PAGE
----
Daddy’s Little Girl

My Dad was my protector, provider and my hero.  I am so blessed to have had him as a role model and teacher of life, relationships and family.  He was not a perfect man, no man nor woman is, but he was perfect for me and my family.  I still reflect back on the many lessons in life that he’s shared and pleasantly surprised of how the little nuggets of his wisdom are surfacing more and more as I’ve matured.   

I have such fond memories of my Dad, starting as a little girl, going to the candy store on Sunday morning’s, after church, of course, and picking out whatever I wanted.  The time I jumped up into my Dad’s arms for protection from a dog, to spending time with him while he was working on his honey-do projects around the house and listening to him whistler and sing along to his favorite songs, while cooking breakfast and oh, the family cookouts, to listening intently as he shared stories about his buddies in the service and traveling around the world, to watching him  light up as he would talk about how  he met my Mom, and the list goes on and on, up until our last conversation just before he passed away.

The day my father passed, July 2008, was so surreal.  He had lived a good life, as he’d often remind us.  He survived the military, retired from a government job, survived cancer, up until the day his heart couldn’t beat any longer.  

I remember it like it was yesterday.  I was on my way to the airport after spending 2 weeks home helping care for my Dad, knowing that any day could be his final day due to congestive heart failure.  I had traveled to/from for 6 months to visit and help care for my Dad, up until his final days.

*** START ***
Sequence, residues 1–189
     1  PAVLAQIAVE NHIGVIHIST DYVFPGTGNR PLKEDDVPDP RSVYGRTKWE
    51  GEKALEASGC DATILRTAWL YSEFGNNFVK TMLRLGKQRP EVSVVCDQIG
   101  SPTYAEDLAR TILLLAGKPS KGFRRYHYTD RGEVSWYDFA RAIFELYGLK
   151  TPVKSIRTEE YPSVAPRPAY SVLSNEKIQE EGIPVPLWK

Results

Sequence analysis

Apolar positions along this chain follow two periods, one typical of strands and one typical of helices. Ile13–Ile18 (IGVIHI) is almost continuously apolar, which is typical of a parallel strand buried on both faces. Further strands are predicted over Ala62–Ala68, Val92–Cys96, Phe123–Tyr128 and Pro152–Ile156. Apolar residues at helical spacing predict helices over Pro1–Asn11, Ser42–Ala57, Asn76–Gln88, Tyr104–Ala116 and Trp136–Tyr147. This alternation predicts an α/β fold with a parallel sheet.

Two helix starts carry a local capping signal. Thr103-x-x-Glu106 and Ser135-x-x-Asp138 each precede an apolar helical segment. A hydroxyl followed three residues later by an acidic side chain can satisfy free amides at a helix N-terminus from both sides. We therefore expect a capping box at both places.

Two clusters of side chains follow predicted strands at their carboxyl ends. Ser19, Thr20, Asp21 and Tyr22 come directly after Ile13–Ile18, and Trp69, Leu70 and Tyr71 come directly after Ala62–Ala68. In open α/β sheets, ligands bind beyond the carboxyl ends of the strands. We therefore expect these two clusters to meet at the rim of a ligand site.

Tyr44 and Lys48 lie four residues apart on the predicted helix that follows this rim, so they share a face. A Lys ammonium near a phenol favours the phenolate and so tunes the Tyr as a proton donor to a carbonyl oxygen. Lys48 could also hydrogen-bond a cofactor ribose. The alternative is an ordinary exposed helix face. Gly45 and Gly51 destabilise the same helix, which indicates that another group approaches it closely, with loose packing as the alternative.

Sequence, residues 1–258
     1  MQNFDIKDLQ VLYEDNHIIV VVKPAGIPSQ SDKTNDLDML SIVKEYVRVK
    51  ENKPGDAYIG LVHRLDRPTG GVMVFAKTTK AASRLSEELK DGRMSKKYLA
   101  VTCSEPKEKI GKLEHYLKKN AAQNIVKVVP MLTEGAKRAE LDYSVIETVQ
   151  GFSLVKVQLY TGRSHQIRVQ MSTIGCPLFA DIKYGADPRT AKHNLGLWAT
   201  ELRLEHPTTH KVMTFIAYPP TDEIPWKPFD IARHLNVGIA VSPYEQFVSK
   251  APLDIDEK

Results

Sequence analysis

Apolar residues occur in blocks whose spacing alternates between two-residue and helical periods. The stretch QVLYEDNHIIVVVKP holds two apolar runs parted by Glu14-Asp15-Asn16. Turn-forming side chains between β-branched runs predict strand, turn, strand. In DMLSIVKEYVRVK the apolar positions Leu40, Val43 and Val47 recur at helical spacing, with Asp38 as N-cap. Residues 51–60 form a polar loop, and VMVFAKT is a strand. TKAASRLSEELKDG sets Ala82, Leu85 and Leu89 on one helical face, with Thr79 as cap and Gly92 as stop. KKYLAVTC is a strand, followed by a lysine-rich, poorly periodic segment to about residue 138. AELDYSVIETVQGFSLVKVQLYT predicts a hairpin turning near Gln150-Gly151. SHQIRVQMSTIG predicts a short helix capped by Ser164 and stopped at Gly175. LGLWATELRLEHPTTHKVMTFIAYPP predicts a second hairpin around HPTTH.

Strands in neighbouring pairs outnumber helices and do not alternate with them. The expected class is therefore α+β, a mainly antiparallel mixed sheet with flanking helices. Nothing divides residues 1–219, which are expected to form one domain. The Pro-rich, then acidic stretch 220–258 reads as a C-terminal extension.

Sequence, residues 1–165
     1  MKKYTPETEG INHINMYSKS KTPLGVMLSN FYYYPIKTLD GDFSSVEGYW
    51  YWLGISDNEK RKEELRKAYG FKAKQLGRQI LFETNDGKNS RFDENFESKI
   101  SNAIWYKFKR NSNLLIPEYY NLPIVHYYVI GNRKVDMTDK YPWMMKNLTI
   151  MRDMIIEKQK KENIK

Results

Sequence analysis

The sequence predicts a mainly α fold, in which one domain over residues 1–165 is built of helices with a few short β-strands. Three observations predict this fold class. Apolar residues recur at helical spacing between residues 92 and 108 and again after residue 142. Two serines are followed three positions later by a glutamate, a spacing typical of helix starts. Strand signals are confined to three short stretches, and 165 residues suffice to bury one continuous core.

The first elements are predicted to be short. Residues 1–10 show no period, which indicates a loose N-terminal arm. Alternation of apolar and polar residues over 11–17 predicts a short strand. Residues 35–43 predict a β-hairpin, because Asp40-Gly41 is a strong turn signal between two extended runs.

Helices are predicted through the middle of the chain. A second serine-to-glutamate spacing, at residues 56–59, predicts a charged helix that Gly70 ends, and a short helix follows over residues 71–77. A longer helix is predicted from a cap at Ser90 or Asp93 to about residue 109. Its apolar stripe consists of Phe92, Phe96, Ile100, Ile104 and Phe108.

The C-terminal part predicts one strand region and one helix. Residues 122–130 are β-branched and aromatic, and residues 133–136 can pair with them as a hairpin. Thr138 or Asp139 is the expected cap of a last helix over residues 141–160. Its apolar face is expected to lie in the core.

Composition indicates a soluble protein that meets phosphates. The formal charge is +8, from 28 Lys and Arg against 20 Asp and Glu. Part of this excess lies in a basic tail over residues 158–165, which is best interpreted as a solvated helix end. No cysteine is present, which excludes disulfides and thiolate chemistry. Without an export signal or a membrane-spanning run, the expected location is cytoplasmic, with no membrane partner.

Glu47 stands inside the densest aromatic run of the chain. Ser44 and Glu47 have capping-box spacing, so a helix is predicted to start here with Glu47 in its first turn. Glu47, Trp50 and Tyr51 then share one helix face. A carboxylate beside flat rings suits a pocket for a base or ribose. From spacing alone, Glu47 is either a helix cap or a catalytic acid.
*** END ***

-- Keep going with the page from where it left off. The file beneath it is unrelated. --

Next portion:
I had just boarded the plane when my cell phone rang.  It was my daughter calling.  She had just dropped me off at the airport and called to say “come back, come back, I’ll come get you, grand-pa just passed away”.   

I decided to stay on the plane, go home and take care of a few things and turn around and come back in a few days.   I needed space and a little time to come to grips with the fact that my Dad was gone and what that meant.  No more calls and hearing him say, Hey Sweetie, how you doing?

Losing my Dad was really hard on me and I did not allow myself time to grieve. It wasn’t until December the following year, while I was home for the Christmas holiday, and visiting his grave site that it hit me.  As I started clearing off his headstone, removing snow, and all of a sudden this overwhelming rush of emotions came over me and I broke down, literally fell, and burst uncontrollably into tears.  The time I’d spent trying to be so strong and holding everything in, appeared to melt away… as if the weight of the world was lifted off my shoulders.  There I was un-consolable, as my daughter, my younger brother and sister, and nephew surrounded me, and picked me up.  They had never seen me that vulnerable, ever.  That experience made me realize how important it is to grieve and having support of your family to lean on.    

Going through the grieving process enabled me to reflect and appreciate the many years with my Dad.  In the end, I realized what a gift I had been given, because he was my Dad and my gift to him in return was being there for him, when he needed me the most, and for that, I am forever grateful to be Daddy’s little girl.